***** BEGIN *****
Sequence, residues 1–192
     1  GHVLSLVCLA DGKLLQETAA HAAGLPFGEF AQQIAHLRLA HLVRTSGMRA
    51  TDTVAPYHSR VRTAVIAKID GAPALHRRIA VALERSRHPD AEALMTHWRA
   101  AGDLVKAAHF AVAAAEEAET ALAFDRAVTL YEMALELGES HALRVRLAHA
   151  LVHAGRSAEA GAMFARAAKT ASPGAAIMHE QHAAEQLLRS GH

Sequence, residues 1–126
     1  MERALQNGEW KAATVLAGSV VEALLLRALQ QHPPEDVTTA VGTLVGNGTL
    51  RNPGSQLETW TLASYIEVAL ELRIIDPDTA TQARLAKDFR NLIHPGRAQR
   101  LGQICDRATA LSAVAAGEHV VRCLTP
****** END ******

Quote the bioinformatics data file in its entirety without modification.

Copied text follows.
Sequence, residues 1–192
     1  GHVLSLVCLA DGKLLQETAA HAAGLPFGEF AQQIAHLRLA HLVRTSGMRA
    51  TDTVAPYHSR VRTAVIAKID GAPALHRRIA VALERSRHPD AEALMTHWRA
   101  AGDLVKAAHF AVAAAEEAET ALAFDRAVTL YEMALELGES HALRVRLAHA
   151  LVHAGRSAEA GAMFARAAKT ASPGAAIMHE QHAAEQLLRS GH

Sequence, residues 1–126
     1  MERALQNGEW KAATVLAGSV VEALLLRALQ QHPPEDVTTA VGTLVGNGTL
    51  RNPGSQLETW TLASYIEVAL ELRIIDPDTA TQARLAKDFR NLIHPGRAQR
   101  LGQICDRATA LSAVAAGEHV VRCLTP